Hydroxytyrosol

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Hydroxytyrosol
Hydroxytyrosol
Identifiers
CAS number 10597-60-1 YesY
PubChem 82755
ChemSpider 74680 YesY
ChEBI CHEBI:68889 N
ChEMBL CHEMBL485747 N
Jmol-3D images Image 1
Properties
Molecular formula C8H10O3
Molar mass 154.163193 g/mol
Appearance Clear, faint yellow to yellow liquid
Boiling point 174 °C
Solubility in water 5 g/100 ml (25 °C)
Hazards
MSDS [1]
R-phrases R36/37/38
S-phrases S26, S37/39
Main hazards Causes skin irritation.

Causes serious eye irritation.

May cause respiratory irritation.

Related compounds
Related alcohols ethanol, phenol, tyrosol
Except where noted otherwise, data are given for materials in their standard state (at 25 °C (77 °F), 100 kPa)
 N (verify) (what is: YesY/N?)
Infobox references

Hydroxytyrosol is a phenylethanoid, a type of phenolic phytochemical with antioxidant properties in vitro. In nature, hydroxytyrosol is found in olive leaf and olive oil, in the form of its elenolic acid ester oleuropein and, especially after degradation, in its plain form.

Oleuropein, along with oleocanthal, are responsible for the bitter taste of extra virgin olive oil. Hydroxytyrosol itself in pure form is a colorless, odorless liquid. The olives, leaves and olive pulp contain large amounts of hydroxytyrosol (compared to olive oil), most of which can be recovered to produce hydroxytyrosol extracts. However, it was found that black olives, such as common canned variety, containing iron(II) gluconate contained very little of the original hydroxytyrosol, as iron salts are catalysts for its oxidation.[2]

Hydroxytyrosol is also a metabolite of the neurotransmitter dopamine.[citation needed]

Research into potential health effects[edit]

In vitro studies[edit]

An olive oil fraction containing hydroxytyrosol can inhibit platelet aggregation and eicosanoid (thromboxane B2) formation in vitro.[3] In basic research, hydroxytyrosol had evidence for antimicrobial and antibiotic properties.[4][5]

In vivo studies[edit]

Studies have shown that a low dose of hydroxytyrosol reduces the consequences of sidestream smoke-induced oxidative stress in rats.[6]

Ex vivo data provide the first evidence of possible neuroprotective effects of oral hydroxytyrosol intake. Both, ex vivo and in vitro studies identified mitochondria as one target for hydroxytyrosol effects in the brain.[7][8]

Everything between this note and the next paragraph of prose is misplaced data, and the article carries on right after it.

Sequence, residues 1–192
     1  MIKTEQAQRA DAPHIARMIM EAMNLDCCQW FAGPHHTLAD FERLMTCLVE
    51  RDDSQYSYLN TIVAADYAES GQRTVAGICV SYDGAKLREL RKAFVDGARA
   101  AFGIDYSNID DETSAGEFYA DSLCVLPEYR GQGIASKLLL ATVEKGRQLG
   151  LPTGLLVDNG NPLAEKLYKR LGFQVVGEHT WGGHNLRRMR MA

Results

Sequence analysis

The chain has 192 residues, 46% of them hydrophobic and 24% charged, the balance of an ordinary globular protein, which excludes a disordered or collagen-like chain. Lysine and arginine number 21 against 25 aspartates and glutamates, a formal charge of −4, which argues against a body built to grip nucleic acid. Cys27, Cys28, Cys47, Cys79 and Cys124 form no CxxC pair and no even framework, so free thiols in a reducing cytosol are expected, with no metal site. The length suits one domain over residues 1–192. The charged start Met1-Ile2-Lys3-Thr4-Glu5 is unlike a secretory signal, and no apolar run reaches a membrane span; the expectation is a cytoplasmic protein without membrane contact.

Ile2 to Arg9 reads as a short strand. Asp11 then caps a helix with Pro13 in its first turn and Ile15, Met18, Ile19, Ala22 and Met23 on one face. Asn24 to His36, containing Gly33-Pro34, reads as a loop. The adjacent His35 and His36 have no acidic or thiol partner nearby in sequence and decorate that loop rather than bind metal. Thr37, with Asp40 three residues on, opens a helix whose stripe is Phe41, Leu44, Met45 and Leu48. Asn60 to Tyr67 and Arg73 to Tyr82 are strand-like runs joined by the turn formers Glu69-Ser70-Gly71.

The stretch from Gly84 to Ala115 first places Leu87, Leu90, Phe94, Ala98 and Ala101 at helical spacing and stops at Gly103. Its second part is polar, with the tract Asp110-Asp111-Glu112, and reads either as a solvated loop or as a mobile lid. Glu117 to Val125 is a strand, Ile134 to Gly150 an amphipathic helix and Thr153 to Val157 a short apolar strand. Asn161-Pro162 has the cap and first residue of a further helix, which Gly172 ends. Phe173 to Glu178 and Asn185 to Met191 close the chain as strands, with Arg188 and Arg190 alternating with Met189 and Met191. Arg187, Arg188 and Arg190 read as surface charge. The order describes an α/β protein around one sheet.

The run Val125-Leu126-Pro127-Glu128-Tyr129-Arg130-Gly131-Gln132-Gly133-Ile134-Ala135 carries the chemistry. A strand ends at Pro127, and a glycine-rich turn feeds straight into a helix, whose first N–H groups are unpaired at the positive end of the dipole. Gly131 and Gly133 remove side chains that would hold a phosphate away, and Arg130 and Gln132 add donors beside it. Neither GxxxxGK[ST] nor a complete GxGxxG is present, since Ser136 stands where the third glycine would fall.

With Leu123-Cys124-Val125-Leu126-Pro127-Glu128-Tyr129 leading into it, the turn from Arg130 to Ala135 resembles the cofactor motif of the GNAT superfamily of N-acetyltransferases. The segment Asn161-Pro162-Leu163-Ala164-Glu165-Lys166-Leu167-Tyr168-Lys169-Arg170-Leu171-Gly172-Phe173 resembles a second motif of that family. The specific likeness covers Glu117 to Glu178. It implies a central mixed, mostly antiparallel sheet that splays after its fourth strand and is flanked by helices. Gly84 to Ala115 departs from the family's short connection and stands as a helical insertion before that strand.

Metabolism[edit]

In the brain, hydroxytyrosol is metabolized to homovanillyl alcohol by the enzyme catechol-O-methyl transferase.

See also[edit]

References[edit]

  1. ^ M. Baldioli, M. Servili, G. Perretti and G. F. Montedoro (1996). "Antioxidant activity of tocopherols and phenolic compounds of virgin olive oil". Journal Of The American Oil Chemists' Society 73 (11): 1589–1593. doi:10.1007/BF02523530. 
  2. ^ Vincenzo Marsilio, Cristina Campestre, Barbara Lanza (July 2001). "Phenolic compounds change during California-style ripe olive processing". Food Chemistry 74 (1): 55–60. doi:10.1016/S0308-8146(00)00338-1. 
  3. ^ Petroni, A.; Blasevich, M.; Salami, M.; Papini, N.; Montedoro, G. F.; Galli, C. (1995). "Inhibition of platelet aggregation and eicosanoid production by phenolic components of olive oil". Thrombosis Research 78 (2): 151–60. doi:10.1016/0049-3848(95)00043-7. PMID 7482432.  edit
  4. ^ Bisignano, G; Tomaino, A; Lo Cascio, R; Crisafi, G; Uccella, N; Saija, A (1999). "On the in-vitro antimicrobial activity of oleuropein and hydroxytyrosol". The Journal of pharmacy and pharmacology 51 (8): 971–4. doi:10.1211/0022357991773258. PMID 10504039.  edit
  5. ^ Capasso, R; Evidente, A; Schivo, L; Orru, G; Marcialis, M. A.; Cristinzio, G (1995). "Antibacterial polyphenols from olive oil mill waste waters". The Journal of applied bacteriology 79 (4): 393–8. PMID 7592132.  edit
  6. ^ Visioli F, Galli C, Plasmati E, et al. (2000). "Olive phenol hydroxytyrosol prevents passive smoking-induced oxidative stress". Circulation 102 (18): 2169–71. doi:10.1161/01.cir.102.18.2169. PMID 11056087. 
  7. ^ Schaffer S, Podstawa M, Visioli F, et al. (2007). "Hydroxytyrosol-rich olive wastewater extract protects brain cells in vitro and ex vivo". Journal of Agricultural and Food Chemistry 55 (13): 5043–5049. doi:10.1021/jf0703710. 
  8. ^ Schaffer S, Müller WE, Eckert GP (2010). "Cytoprotective effects of olive wastewater extract and its main constitute hydroxytyrosol in PC12 cells". Pharmacol. Res. 62 (4): 322–327. doi:10.1016/j.phrs.2010.06.004. PMID 20600919.